interested in giving attention to something, expressing interest I am interested in musical theater.
jealous of to feel resentful or bitter toward someone or something (because of their status, possessions, or ability) I was jealous of her because she always went on vacation.
to be sorry for to have pity or regret I am sorry for the things I said.
thankful for to express thanks for something I am thankful for my wonderful friends.
tired of to be disgusted with, have a distaste for I was tired of driving for hours without end.

Note:

The following adjectives are always followed by the preposition at:

• Good

She is really good at chess.

• Excellent

Henry is excellent at drawing.

• Brilliant

Mary Anne is brilliant at playing the violiin.

Exercise 3

On a separate sheet of paper, complete the following sentences by writing the correct preposition with adjective.

1. Meera was deeply ________ (interested in, thankful for) marine biology.
2. I was ________ (jealous of, disappointed in) the season finale of my favorite show.
3. Jordan won the race, and I am ________ (happy for, interested in) him.
4. The lawyer was ________ (thankful for, confused about) the details of the case.
5. Chloe was ________ (dressed in, tired of) a comfortable blue tunic.

## Idiomatic Preposition Usage

The following phrases -- many of them noun phrases -- are expressed in a particular way and should be memorized. There isn't a rule or particular that determines the preposition to use; thus, the whole phrase is an idiom and should be memorized together.

Table 12.15.5 -- Idiomatic Prepositions

 Idiomatic Phrase Example in the end In the end, the whole disagreement was a misunderstanding. talked about (not talked on) The president talked about current events. in case of In case of fire, break the glass. in charge of The principal was in charge of the high school. in favor of Most students were in favor of starting school at 9 a.m. on account of We were late on account of a broken down bus.* on behalf of We present this plaque on behalf of the city council. in the course of In the course of completing the project, we discovered some other problems. in the habit of I am in the habit of emailing people back within a day. in the name of Sue donated flowers in the name of her aunt, who had died. on the advice of I am quitting vaping on the advice of my doctor. on the basis of I am cancelling this subscription on the basis of cost. on the strength of The correlation was made on the strength of the data.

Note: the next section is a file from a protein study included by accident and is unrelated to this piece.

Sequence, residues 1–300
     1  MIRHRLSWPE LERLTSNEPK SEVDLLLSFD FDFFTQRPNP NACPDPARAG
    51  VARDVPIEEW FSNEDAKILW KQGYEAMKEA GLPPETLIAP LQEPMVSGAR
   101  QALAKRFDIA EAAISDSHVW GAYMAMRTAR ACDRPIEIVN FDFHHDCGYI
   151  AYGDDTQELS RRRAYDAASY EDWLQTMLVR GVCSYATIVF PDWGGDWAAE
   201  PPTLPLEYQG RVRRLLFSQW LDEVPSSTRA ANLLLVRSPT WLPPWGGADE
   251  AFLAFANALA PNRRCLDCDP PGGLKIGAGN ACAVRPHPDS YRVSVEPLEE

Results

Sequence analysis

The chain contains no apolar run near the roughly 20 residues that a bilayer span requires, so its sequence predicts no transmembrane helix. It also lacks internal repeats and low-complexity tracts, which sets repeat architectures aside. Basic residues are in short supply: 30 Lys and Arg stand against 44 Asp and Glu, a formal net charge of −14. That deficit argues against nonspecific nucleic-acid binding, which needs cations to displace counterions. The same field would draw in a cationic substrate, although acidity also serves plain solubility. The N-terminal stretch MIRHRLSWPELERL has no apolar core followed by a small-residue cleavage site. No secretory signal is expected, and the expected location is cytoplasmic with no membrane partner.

*Note that a noun or noun phrase must be used after on account of as the object of the preposition. Sometimes student try to follow this phrase with an entire sentence, which is not grammatically correct.

## Prepositional Phrases

Most of the time, prepositions begin prepositional phrases, which give more information about something in a sentence. As mentioned above, sometimes the verb you use requires a prepositional phrase after the verb. The subject of a sentence can never be the noun in a prepositional phrase. The subject is part of the core of the sentence, and the prepositional phrase is outside of that core. For more information , please see "Word Order and Sentence Structure" in section 12.2.

Example $$\PageIndex{1}$$

Subject verb preposition article noun(object of prep) infinitive gerund

Karen drove to the mountains to go skiing.

Sentence core prepositional phrase verbal phrase

Prepositions always must be followed by a noun in a prepositional phrase. Many times that noun will also be preceded by an article and/or an adjective.

Exercise 4

Underline the prepositional phrases in the following sentences. Do not underline any words that are not part of a prepositional phrase.

1. Under the moonlight, the coyotes howled and yipped.
2. I must finish my paper by Tuesday night.
3. I felt on top of the world when I learned I had one a prize!
4. Bill and Jordan thought they could play some basketball on Thursday after class.
5. Chihuahuas and pit bulls are popular dogs, but unfortunately, too many of them fill up animal shelters throughout the country.
6. Marta and Denise work toward understanding each others' points of view.

Exercise 5

Underline the prepositional phrases in the following sentences. Do not underline any words that are not part of a prepositional phrase.

1. Monica told us about her trip.

2. I hope we have sunshine throughout the summer.

3. The panther climbed up the tree.

4. The little boy was standing behind his mother's legs.

5. We stayed awake until dawn.